Monday, May 9, 2016

May 2016 - Compañeras: Zapatist Women's Stories

Hi everyone!

Excited to read a book about indigenous women in Mexico through "Compañeras: Zapatista Women's Stories" by Hilary Klein.

Here's a Book Summary:

Guerrilla insurgents. Political leaders. Promoters of health and education. Members of economic cooperatives. These are just some of the prominent, everyday roles held by women in the Zapatista autonomous region in Chiapas, where women’s participation has proved indispensable to the creation and maintenance of an alternative, democratic society.

Compañeras is the untold story of the women of the Zapatista movement, gathered by longtime community organizer Hilary Klein. The Zapatista women’s own recollections of their lives, struggles, and critical involvement bring to light the tremendous transformation of gender roles that has occurred in this culture of revolution, and are instructive for everyone committed to examining how existing grassroots alternatives to global capitalism can guide the way toward justice, equality, and democracy.

See you in Sugarlump on Sunday May 22!

Friday, March 11, 2016

April 2016 - ZAMI, A New Spelling of My Name

Hi everyone

Very excited to discuss a book this month by Audre Lorde! She was an American writer, radical feminist, womanist, lesbian, and civil rights activist. We'll be reading ZAMI, A New Spelling of my Name by Audre Lorde.

Here's the Book Summary
ZAMI is a fast-moving chronicle. From the author's vivid childhood memories in Harlem to her coming of age in the late 1950s, the nature of Audre Lorde's work is cyclical. It especially relates the linkage of women who have shaped her . . . Lorde brings into play her craft of lush description and characterization. It keeps unfolding page after page.

We will be meeting at the Mazarine Cafe in Financial District on Sunday April 17 at 2pm.

Next Books To Read: 
May: Compañeras Zapatistas Women Stories by Hilary Klein







Thursday, January 28, 2016

February 2016 - A Women in the Crossfire (Syria)

Very excited that this month we'll be reading a book that shares a personal account on Syria through the book "A Woman in the Crossfire; Diaries of the Syrian Revolution, "by Samar Yazbek.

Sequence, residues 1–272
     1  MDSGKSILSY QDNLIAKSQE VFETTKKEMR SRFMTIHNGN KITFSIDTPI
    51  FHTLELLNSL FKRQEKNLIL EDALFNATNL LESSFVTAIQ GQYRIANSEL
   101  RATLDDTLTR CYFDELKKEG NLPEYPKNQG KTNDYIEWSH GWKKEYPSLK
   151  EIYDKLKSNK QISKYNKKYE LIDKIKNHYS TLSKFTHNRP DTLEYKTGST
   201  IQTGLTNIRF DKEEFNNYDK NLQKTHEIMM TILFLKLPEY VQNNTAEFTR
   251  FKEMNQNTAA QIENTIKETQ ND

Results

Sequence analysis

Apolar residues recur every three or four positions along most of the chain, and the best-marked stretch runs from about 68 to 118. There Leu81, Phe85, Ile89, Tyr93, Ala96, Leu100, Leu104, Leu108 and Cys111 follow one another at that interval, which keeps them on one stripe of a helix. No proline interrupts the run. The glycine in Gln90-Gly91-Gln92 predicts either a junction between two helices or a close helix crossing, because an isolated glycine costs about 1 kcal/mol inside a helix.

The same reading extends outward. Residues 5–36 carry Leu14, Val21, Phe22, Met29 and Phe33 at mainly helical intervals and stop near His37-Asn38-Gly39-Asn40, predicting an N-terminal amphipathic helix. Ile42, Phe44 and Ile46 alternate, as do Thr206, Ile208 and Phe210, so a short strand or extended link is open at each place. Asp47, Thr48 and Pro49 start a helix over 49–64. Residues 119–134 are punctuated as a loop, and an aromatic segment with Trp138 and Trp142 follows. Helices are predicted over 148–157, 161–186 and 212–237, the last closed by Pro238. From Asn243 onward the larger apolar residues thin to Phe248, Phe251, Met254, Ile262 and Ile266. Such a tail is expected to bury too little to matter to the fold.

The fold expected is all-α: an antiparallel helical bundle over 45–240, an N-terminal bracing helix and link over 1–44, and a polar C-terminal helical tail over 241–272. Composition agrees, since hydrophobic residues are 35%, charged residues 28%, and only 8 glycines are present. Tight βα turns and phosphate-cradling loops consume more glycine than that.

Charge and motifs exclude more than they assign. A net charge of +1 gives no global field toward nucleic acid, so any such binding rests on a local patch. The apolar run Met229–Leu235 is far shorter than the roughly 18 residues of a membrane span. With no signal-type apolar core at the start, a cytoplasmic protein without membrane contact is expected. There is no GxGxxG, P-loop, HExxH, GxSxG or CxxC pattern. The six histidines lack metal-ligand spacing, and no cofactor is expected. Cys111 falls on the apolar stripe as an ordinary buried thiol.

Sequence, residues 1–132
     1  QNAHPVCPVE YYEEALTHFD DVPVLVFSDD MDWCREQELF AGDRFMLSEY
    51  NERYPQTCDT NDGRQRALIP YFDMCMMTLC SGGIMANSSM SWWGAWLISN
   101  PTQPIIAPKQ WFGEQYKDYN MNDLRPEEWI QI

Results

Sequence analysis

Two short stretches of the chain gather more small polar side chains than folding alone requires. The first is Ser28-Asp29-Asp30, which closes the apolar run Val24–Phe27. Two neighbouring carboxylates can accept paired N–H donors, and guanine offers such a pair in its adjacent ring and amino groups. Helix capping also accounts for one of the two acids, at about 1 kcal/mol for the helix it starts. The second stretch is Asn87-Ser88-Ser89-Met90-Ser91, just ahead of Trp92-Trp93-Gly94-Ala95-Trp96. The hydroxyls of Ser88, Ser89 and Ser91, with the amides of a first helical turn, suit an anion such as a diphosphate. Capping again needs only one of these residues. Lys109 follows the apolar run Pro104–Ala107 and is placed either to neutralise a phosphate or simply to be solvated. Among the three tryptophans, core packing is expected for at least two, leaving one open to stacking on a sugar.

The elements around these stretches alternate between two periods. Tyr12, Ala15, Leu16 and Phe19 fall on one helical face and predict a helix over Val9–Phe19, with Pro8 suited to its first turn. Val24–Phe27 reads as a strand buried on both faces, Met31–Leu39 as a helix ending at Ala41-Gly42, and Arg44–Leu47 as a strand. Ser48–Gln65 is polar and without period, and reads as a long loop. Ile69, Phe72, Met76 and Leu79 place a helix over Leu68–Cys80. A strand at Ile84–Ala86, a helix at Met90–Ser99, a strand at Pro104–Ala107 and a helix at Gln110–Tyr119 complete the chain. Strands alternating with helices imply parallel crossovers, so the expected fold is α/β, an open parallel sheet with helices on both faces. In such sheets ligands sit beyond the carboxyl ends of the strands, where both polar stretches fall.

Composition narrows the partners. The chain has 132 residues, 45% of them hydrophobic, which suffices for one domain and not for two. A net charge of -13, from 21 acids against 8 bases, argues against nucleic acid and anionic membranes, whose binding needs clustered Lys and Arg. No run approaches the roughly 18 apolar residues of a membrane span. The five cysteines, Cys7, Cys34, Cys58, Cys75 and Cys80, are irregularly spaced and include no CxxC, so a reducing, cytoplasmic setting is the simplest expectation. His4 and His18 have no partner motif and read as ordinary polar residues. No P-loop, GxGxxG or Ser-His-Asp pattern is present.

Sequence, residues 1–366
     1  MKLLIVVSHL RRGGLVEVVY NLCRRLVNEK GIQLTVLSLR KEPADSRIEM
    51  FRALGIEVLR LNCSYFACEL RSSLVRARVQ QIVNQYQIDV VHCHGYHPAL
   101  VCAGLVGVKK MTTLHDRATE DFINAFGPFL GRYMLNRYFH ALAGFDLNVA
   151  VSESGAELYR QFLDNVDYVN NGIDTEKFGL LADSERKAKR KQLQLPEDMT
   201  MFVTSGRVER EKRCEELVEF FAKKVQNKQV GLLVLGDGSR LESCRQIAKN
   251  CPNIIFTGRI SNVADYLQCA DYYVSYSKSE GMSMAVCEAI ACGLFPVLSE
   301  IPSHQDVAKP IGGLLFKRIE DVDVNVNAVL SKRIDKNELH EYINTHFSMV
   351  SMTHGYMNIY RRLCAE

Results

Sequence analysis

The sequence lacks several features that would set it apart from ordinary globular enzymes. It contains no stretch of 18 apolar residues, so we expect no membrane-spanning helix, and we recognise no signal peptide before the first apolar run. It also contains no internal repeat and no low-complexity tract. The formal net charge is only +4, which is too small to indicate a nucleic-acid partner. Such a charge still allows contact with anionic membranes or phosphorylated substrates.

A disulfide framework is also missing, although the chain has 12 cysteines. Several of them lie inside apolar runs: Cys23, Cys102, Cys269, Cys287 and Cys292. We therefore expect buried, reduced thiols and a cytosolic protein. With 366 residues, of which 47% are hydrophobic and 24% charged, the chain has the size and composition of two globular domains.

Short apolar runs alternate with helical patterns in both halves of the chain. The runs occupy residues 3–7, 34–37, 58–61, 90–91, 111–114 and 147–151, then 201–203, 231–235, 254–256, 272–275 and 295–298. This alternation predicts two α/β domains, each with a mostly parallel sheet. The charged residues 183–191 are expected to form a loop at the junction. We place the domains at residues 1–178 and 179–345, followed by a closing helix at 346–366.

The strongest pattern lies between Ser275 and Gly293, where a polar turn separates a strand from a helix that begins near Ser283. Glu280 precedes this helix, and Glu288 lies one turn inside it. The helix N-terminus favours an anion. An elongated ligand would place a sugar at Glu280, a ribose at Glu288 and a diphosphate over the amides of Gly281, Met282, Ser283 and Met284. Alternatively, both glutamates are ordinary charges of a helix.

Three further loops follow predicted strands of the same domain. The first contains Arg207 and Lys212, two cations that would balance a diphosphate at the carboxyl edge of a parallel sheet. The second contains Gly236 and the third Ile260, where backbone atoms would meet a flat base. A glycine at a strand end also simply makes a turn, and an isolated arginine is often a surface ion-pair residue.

Here's the Book Summary:
 
A well-known novelist and journalist from the coastal city of Jableh, Samar Yazbek witnessed the beginning four months of the uprising first-hand and actively participated in a variety of public actions and budding social movements. Throughout this period she kept a diary of personal reflections on, and observations of, this historic time. Because of the outspoken views she published in print and online, Yazbek quickly attracted the attention and fury of the regime, vicious rumours started to spread about her disloyalty to the homeland and the Alawite community to which she belongs.
 
The lyrical narrative describes her struggle to protect herself and her young daughter, even as her activism propels her into a horrifying labyrinth of insecurity after she is forced into living on the run and detained multiple times, excluded from the Alawite community and renounced by her family, her hometown and even her childhood friends. With rare empathy and journalistic prowess Samar Yazbek compiled oral testimonies from ordinary Syrians all over the country.
 
These diaries will inspire all those who read them, and challenge the world to look anew at the trials and tribulations of the Syrian uprising.
 
We'll be meeting in the West Portal neighborhood on Sunday February 28 at 2pm.
 
Next Books To read:
March: Zami, A new Spelling of my Name by Audre Lorde
April: Compañeras Zapatistas Women Stories by Hilary Klein

Sunday, January 3, 2016

January 2016 - The Beauty of Humanity Movement

Welcome 2016!
 
We are starting 2016 with a discussion on Vietname through the book "The Beauty of

Humanity Movement" by Camilla Gibb.
 
Here's a Book Summary:
 
Tu’ is a young tour guide working in Hanoi for a company called New Dawn. While he leads tourists through the city, including American vets on “war tours,” he starts to wonder what it is they are seeing of Vietnam–and what they miss entirely.
 
Maggie, who is Vietnamese by birth but has lived most her life in the U.S., has returned to her country of origin in search of clues to her dissident father’s disappearance during the war. Holding the story together is Old Man Hung, who has lived through decades of political upheaval and has still found a way to feed hope to his community of pondside dwellers.
 
This is a keenly observed and skillfully wrought novel about the reverberation of conflict through generations, the enduring legacy of art, and the redemption and renewal of long-lost love.